Feeling a bit sour

Posted: May 20, 2017 in The Shrinking Head Bakes!

A couple of months ago I took a class in making sourdough bread.  Wonderful class, mostly because we were sent home with some sourdough starter of our own!  Sourdough starter is how wild yeast is cultivated to be used in baking. According to the Kitchn, wild yeast already exists in all flour, so you really just need to bring it alive by adding flour and water and waiting a few days. It actually requires a bit more care than this, and many people find the initial raising of the starter to be too much work. If done successfully, however, the process creates a kind of gooey, stretchy, slime that is then added to typical bread ingredients to make sourdough breads.

I was over the moon to skip the difficult part! The instructor gave clear and straightforward instructions on how to care for the sourdough starter once we got home.  He said this was 30 year old starter. Really established starter. You couldn’t kill it if you tried, he said.  You could feed it chlorinated water and bleached flour and it still wouldn’t die.

I killed it.

I followed the instructions.  To. A. T.

I killed the un-killable starter.

I thought about contacting him for a second chance, but after initial attempts to find an email address failed, I gave up.

A friend said she had sourdough starter starter.  Some powdered stuff she had gotten from Alaska (Alaska?).  She’d had it for a while, had never gotten around to trying it, but said it didn’t have an expiry date so I was happy to try it.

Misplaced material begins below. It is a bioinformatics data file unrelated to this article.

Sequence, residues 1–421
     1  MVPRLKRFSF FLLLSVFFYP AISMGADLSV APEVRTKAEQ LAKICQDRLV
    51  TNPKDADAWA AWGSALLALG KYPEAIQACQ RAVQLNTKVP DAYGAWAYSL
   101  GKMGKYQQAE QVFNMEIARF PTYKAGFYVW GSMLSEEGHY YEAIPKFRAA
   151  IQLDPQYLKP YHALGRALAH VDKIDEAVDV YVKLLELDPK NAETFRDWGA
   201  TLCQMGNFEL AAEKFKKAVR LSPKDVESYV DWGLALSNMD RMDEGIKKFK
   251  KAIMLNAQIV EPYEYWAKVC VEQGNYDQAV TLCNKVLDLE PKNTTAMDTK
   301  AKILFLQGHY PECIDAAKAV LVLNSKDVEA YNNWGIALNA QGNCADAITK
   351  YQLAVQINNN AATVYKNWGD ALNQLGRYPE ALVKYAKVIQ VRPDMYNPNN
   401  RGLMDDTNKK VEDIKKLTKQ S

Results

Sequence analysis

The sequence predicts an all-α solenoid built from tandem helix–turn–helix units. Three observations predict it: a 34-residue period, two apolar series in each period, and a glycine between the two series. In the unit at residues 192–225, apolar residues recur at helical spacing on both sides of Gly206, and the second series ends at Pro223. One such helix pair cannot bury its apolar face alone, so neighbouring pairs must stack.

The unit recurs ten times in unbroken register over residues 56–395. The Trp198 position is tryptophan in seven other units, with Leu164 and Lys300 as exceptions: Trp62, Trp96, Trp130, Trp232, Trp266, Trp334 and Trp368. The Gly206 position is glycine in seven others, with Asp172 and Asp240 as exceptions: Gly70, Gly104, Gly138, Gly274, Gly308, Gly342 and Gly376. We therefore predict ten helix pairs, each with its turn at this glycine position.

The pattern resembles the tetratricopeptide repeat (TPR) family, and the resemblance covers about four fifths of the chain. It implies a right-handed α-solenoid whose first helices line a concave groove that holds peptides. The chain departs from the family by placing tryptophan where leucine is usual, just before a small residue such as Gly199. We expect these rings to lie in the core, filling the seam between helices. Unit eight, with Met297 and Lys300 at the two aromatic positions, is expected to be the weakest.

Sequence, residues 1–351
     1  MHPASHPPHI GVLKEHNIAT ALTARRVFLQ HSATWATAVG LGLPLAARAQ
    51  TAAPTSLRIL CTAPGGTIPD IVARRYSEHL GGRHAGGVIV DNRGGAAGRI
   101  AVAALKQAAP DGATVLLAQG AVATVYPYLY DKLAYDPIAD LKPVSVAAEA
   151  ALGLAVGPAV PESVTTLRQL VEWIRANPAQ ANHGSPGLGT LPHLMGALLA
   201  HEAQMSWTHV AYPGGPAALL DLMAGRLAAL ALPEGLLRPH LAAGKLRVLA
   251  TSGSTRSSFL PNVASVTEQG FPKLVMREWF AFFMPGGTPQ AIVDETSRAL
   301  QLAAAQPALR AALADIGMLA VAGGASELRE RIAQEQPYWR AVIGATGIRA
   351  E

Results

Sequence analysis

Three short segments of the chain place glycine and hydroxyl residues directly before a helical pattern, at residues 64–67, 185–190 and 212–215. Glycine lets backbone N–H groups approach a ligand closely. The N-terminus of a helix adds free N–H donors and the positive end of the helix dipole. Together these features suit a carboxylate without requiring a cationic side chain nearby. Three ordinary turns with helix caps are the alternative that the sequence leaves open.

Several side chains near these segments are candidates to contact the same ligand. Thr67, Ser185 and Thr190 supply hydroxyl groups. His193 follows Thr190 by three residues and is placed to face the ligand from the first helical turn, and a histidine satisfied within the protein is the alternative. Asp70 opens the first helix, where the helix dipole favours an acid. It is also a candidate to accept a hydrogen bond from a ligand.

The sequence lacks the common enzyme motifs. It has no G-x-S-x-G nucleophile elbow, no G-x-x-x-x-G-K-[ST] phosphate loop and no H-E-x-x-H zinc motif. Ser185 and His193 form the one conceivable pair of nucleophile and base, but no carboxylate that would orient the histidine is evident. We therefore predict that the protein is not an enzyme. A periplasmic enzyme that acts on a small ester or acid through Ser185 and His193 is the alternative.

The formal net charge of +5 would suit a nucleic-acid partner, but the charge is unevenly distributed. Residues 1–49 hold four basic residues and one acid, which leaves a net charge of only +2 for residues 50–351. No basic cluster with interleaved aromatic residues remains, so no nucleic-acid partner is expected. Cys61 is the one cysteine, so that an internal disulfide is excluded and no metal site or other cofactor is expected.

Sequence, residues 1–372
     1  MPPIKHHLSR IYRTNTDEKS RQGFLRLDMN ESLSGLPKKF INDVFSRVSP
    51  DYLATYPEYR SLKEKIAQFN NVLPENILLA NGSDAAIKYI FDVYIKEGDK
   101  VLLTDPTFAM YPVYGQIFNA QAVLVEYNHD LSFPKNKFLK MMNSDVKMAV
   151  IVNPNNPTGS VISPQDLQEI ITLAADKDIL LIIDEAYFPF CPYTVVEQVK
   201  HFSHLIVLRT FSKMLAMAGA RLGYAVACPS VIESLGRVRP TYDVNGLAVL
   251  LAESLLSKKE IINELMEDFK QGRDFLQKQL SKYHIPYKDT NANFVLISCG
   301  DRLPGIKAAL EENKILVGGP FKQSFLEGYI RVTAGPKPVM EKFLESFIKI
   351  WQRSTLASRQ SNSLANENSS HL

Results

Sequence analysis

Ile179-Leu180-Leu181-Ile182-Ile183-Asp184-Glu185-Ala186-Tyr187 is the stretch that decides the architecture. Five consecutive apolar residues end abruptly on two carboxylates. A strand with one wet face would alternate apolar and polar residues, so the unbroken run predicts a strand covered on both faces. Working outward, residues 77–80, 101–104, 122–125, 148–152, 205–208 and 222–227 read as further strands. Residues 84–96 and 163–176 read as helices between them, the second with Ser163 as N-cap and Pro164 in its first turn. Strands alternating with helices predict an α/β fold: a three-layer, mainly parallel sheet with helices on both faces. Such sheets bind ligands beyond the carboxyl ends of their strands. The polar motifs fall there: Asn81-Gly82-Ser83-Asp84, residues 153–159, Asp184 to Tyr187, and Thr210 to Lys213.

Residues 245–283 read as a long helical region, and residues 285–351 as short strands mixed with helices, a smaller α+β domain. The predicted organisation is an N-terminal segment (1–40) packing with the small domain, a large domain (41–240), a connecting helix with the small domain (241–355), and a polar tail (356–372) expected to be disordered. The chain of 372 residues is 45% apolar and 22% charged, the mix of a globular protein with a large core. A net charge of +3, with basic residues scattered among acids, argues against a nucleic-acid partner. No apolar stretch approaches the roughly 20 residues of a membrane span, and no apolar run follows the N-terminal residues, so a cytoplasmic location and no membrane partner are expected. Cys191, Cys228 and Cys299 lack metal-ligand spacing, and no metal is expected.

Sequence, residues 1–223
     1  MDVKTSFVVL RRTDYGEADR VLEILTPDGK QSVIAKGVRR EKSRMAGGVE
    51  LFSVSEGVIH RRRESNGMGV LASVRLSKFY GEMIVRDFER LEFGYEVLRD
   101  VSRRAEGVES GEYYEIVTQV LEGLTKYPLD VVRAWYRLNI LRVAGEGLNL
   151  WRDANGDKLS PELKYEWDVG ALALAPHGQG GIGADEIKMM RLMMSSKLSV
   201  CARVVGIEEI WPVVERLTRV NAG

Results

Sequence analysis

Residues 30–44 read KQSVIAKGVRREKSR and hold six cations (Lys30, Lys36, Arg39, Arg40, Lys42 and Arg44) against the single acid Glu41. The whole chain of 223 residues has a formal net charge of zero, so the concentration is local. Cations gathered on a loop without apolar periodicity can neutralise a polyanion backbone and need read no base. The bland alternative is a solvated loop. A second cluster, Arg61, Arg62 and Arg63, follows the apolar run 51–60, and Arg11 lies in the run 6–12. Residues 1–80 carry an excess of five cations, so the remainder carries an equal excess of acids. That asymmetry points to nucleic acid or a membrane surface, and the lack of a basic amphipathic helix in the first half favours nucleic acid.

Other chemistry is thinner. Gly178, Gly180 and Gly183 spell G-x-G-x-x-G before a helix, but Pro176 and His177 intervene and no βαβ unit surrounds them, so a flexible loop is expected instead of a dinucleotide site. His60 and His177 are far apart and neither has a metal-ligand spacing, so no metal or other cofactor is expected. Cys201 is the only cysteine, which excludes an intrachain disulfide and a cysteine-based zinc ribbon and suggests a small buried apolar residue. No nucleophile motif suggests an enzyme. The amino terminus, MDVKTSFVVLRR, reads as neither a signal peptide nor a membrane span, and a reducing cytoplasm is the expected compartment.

I tried.

It started out really well.  I followed the instructions, put it in a warm place.  Things appeared to be progressing exactly as described.


But as the hours passed, something was happening.  The smell that was developing was appalling.  Nauseating. Certainly not the “delicious, sour, yeasty” smell described in the instructions.   One website said starter would be pungent, but this smell was how I imagine the corpse plant to smell.

I waited.  My partner said try it anyway. Lots of foods smell bad but taste good, he said.  I personally have NEVER experienced this.  Blue cheese smells bad AND it tastes bad.

I waited.  I stirred.  And by the end of the first phase of instructions things had gone from bad to worse.  The starter died.  Deflated, separated, and died.  So it would appear the smell actually was the smell of impending death.

Honestly, think this is probably more to do with me and my apparently homicidal tendencies toward sourdough starter than a problem with the product.  It really did start out fine.

I’ve signed up for another class on sourdough in a month.  It will be my last kick at the can and if it doesn’t work then, I will simply have to stick with regular bread.  I just can’t justify the senseless killing of sourdough starter beyond that.

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